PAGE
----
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June 18, 2024
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All US operators of the Airbus A220 are required to update the software of the electronic engine control (EEC) system of the Pratt & Whitney PW1500G. The FAA has issued an Airworthiness Directive dated December 27 that prompts action after an A220 suffered a dual engine shutdown on landing. It is expected that the AD, which becomes effective on January 31, will be adopted by EASA and other regulators soon. PW1500 needs software update after dual engine shutdown.

The AD follows an FAA Notice of Proposed Rulemaking in October, shortly after the A220 of an unidentified operator was involved in the uncommanded dual engine shutdown upon landing. As engine power and power to the hydraulic systems were lost, braking capability was significantly compromised.

“A subsequent investigation determined that the sequence of the auto-throttle increasing throttle to maintain Mach number, immediately followed by pilot command to decrease throttle to idle, caused a transient disagreement between actual and commanded thrust. This disagreement triggered the thrust control malfunction (TCM) detection logic and resulted in dual engine shutdown once the weight on wheels signal was activated upon landing”, the FAA AD says.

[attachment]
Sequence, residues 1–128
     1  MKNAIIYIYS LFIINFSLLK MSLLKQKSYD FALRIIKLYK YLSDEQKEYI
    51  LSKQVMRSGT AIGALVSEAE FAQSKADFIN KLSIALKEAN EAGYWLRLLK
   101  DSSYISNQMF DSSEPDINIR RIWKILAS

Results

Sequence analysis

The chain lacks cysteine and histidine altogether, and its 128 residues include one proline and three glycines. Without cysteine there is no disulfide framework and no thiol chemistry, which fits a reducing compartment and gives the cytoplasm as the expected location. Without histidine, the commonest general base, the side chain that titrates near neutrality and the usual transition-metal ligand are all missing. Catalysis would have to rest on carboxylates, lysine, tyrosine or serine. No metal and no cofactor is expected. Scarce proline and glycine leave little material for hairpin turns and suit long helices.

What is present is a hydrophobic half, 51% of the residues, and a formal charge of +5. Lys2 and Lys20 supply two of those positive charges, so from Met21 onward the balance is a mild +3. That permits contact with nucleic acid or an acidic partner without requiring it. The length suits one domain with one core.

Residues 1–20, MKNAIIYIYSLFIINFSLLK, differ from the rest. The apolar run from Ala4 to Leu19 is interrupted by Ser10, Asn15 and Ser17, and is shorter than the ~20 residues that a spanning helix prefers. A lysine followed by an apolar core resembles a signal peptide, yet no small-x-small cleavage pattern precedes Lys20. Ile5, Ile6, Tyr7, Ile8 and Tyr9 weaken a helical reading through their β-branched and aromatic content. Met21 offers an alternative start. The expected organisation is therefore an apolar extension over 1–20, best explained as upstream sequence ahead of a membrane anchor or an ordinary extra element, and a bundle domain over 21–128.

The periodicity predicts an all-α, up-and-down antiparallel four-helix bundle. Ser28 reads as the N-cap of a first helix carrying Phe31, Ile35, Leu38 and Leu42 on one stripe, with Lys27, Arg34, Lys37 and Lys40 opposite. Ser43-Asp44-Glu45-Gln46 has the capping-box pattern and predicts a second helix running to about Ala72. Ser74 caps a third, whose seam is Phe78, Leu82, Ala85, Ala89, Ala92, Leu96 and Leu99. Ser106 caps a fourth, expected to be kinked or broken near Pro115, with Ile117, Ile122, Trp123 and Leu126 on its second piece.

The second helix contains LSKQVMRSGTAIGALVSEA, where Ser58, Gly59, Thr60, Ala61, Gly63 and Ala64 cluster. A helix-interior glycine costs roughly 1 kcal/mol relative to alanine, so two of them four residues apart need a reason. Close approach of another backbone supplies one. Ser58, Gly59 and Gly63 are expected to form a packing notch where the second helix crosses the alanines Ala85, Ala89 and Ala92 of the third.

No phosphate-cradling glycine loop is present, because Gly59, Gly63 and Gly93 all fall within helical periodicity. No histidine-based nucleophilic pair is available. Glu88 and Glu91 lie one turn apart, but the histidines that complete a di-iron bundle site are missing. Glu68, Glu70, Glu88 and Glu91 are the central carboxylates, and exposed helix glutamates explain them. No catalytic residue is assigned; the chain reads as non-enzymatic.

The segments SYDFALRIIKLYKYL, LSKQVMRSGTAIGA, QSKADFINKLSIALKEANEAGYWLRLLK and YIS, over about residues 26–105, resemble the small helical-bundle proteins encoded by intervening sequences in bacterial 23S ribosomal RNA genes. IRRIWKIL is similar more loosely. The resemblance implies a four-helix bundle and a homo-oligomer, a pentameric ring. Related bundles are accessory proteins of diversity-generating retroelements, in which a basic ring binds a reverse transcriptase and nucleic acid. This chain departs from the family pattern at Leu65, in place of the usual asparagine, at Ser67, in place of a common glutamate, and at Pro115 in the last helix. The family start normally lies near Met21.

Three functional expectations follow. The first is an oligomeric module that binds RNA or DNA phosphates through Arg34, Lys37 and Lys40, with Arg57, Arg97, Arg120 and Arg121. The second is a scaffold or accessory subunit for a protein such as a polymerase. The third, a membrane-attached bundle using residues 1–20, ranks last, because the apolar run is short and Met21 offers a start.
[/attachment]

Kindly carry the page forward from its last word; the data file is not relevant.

It adds: “The installed EEC Full Authority Digital Engine Control (FADEC) software version latches the fault and allows the engine to continue operation as commanded but shuts down the engine upon landing.”

The FAA notes that P&W has identified the situation that could trigger a fault in the TCM logic and has come up with a software update. “This software update makes corrective improvements to the TCM logic, including revised criteria for triggering the TCM logic and establishing criteria that permit the TCM logic to unlatch during flight.”

The AD addresses the PW1519G, PW1521G, PW1524G, PW1525G, and various sub-versions. The software upgrade should take no longer than two hours to complete. The FAA says that there are 147 engines installed on US airplanes. On November 30, there were 238 Airbus A220-100s and -300s delivered to customers.

As reported before, the PW1500 has been suffering from reliability issues before, although of a completely different kind. Air Tanzania said in November that its flight schedule was severely disrupted because of engine checks and inspections required under ADs. These checks also affect the PW1900 that powers the Embraer E2 family. Dutch website Luchtvaartnieuws reported that KLM Cityhopper’s E195-E2s require more downtime for inspections too.    

author avatar
Richard Schuurman
Active as a journalist since 1987, with a background in newspapers, magazines, and a regional news station, Richard has been covering commercial aviation on a freelance basis since late 2016. Richard is contributing to AirInsight since December 2018. He also writes for Airliner World, Aviation News, Piloot & Vliegtuig, and Luchtvaartnieuws Magazine. Twitter: @rschuur_aero.

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